If you do decide to let Assistant store your recordings and data but end up changing your mind, you can go to "Your data in the Assistant" and delete the information. But some of the latest phones like the Pixel 7 Pro use recordings for better on-device processing of your questions, so you may decide to keep them. 

The latest Google Assistant news

Google Pixel Watch with Google Assistant

(Image credit: Chris Wedel/Android Central)

Google Assistant receives constant updates, so it's impossible to succinctly summarize everything new about the platform. So we'll highlight the most important recent news that you'll want to know about, that'll hopefully help you get better use out of it. 

Right now, the biggest news around Assistant concerns Wear OS watches. The latest Wear OS 3 software uses a faster and improved version of Assistant, available on the Pixel Watch and Galaxy Watch 5 and 4. 

But for other Wear OS watches like the Fossil Gen 6, they've actually temporarily lost Assistant due to the update from Wear OS 2 to 3, until Google gets it working on Qualcomm chips. And other watch brands that used to use Google Assistant like the Fitbit Sense and Versa 3 no longer support it. 

This is relevant because a report from The Information claims that Google will "invest less in developing its Google Assistant voice-assisted search for cars and for devices not made by Google, including TVs, headphones, smart-home speakers, smart glasses and smartwatches that use Google’s Wear OS software." 

Apparently, Assistant (like Alexa) doesn't make Google much money and costs a lot to innovate, so Google may decide to invest less time and resources into it — which could mean it won't get as many new features in the near future.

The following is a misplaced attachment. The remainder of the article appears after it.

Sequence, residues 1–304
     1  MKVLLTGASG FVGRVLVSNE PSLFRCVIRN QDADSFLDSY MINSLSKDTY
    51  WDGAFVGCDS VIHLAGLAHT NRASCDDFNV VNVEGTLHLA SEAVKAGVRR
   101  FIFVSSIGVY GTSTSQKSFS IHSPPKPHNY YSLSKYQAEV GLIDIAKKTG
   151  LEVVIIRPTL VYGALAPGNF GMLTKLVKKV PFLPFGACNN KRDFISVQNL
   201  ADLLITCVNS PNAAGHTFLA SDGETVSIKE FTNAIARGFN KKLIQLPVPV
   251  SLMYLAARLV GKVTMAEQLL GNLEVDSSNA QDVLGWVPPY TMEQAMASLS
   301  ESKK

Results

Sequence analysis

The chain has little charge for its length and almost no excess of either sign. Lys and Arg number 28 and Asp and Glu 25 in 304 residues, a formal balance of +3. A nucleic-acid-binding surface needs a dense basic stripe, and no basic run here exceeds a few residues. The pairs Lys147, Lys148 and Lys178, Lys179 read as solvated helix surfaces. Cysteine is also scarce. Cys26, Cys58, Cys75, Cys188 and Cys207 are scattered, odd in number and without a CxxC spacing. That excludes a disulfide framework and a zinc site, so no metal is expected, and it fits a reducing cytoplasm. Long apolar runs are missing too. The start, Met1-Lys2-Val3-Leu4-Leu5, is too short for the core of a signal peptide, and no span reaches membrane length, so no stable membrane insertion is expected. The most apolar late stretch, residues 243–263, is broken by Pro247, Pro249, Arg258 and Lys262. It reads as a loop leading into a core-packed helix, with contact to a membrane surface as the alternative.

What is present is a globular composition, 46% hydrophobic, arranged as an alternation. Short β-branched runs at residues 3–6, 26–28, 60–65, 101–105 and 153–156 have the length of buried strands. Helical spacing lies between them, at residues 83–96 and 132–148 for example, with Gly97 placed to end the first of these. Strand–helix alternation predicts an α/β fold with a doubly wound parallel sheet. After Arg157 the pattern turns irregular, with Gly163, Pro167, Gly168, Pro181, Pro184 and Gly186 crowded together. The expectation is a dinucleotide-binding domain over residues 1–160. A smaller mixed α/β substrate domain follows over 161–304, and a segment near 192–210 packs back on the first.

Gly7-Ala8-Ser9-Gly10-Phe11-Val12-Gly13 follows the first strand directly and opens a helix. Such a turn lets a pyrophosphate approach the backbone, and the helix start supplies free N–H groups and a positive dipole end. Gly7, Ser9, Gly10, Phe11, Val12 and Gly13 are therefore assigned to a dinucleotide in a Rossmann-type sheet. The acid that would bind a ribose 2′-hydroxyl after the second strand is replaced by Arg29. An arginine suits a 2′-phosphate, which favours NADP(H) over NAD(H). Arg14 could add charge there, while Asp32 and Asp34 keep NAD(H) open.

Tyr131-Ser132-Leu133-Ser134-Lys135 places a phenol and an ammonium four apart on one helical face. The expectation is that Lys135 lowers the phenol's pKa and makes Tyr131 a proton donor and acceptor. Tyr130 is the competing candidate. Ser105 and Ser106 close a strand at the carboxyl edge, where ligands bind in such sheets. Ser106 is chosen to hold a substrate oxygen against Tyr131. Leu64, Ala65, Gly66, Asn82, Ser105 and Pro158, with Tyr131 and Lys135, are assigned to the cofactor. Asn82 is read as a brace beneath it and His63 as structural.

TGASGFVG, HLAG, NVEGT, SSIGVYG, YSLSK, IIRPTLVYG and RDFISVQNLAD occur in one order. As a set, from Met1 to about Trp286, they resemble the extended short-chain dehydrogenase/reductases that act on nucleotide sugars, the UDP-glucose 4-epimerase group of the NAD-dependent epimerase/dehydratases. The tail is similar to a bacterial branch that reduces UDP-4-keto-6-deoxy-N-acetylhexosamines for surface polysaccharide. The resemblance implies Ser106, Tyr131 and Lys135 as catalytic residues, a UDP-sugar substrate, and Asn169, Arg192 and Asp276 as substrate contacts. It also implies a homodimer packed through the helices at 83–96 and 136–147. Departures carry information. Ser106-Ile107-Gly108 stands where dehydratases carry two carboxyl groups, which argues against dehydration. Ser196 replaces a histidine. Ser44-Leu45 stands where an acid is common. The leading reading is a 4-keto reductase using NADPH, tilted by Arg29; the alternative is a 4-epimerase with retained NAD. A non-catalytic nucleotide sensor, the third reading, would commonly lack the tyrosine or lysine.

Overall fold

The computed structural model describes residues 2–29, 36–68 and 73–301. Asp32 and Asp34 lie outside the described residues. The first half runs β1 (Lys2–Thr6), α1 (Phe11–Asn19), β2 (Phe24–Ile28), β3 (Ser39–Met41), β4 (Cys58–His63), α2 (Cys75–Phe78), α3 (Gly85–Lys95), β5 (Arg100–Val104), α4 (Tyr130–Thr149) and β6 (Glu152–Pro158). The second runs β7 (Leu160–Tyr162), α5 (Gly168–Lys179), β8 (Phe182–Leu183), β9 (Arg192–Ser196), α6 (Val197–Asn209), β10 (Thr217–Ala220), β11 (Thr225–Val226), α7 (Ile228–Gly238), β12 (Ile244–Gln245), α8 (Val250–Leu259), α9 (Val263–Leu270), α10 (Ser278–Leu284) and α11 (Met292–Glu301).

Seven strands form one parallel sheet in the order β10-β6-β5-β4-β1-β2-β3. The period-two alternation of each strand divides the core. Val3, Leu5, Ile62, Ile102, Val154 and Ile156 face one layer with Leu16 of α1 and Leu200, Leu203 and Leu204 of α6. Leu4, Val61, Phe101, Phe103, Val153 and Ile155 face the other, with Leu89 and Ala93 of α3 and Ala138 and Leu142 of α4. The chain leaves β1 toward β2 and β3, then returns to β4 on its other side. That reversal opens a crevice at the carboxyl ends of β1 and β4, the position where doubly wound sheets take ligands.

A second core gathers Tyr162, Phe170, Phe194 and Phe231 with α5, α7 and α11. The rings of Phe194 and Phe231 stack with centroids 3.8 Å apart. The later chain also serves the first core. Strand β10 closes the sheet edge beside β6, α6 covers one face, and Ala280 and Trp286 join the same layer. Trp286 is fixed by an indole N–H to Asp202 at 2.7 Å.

Google Assistant on the Google Pixel 6a

(Image credit: Nicholas Sutrich / Android Central)

For now, Google Assistant is getting better at "personalized speech recognition," remembering which words you use often in order to better recognize them. It's also improving at contextually understanding your smart home requests, such as interpreting that "turn off the lamp" will refer to your connected bedroom lamp.

Assistant Voice Typing has gotten much better on Google's latest Pixel 7 phones thanks to the Tensor G2 chip, using its enhanced AI to better transcribe your words. 

This year, Google will end "Conversational Actions," and replace them with App Actions. Instead of relying on back-and-forth dialogue, Google Assistant will instead better sync with third-party apps directly for tasks like booking a rideshare or restaurant reservation directly.

Plus, Google has begun to better consolidate Assistant features with its apps, integrating Assistant into Keeps and Contacts so it's easier to pull up your friends' and family members' information or make a timed Keeps task with a simple command.

Joe Maring

Joe Maring was a Senior Editor for Android Central between 2017 and 2021. You can reach him on Twitter at @JoeMaring1.

With contributions from